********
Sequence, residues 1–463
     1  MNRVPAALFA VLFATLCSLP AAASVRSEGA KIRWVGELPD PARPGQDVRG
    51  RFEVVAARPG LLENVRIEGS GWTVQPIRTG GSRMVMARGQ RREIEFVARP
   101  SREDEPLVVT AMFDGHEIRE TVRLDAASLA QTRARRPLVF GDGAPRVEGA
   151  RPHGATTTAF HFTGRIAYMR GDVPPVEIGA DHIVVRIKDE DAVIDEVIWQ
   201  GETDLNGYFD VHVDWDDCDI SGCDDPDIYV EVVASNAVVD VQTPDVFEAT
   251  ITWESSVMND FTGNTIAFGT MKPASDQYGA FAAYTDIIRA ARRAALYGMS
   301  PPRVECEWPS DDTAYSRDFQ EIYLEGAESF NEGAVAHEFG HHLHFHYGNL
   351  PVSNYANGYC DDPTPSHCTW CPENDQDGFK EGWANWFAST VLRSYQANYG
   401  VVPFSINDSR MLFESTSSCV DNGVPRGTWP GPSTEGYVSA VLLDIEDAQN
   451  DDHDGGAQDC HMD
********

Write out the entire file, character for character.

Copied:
Sequence, residues 1–463
     1  MNRVPAALFA VLFATLCSLP AAASVRSEGA KIRWVGELPD PARPGQDVRG
    51  RFEVVAARPG LLENVRIEGS GWTVQPIRTG GSRMVMARGQ RREIEFVARP
   101  SREDEPLVVT AMFDGHEIRE TVRLDAASLA QTRARRPLVF GDGAPRVEGA
   151  RPHGATTTAF HFTGRIAYMR GDVPPVEIGA DHIVVRIKDE DAVIDEVIWQ
   201  GETDLNGYFD VHVDWDDCDI SGCDDPDIYV EVVASNAVVD VQTPDVFEAT
   251  ITWESSVMND FTGNTIAFGT MKPASDQYGA FAAYTDIIRA ARRAALYGMS
   301  PPRVECEWPS DDTAYSRDFQ EIYLEGAESF NEGAVAHEFG HHLHFHYGNL
   351  PVSNYANGYC DDPTPSHCTW CPENDQDGFK EGWANWFAST VLRSYQANYG
   401  VVPFSINDSR MLFESTSSCV DNGVPRGTWP GPSTEGYVSA VLLDIEDAQN
   451  DDHDGGAQDC HMD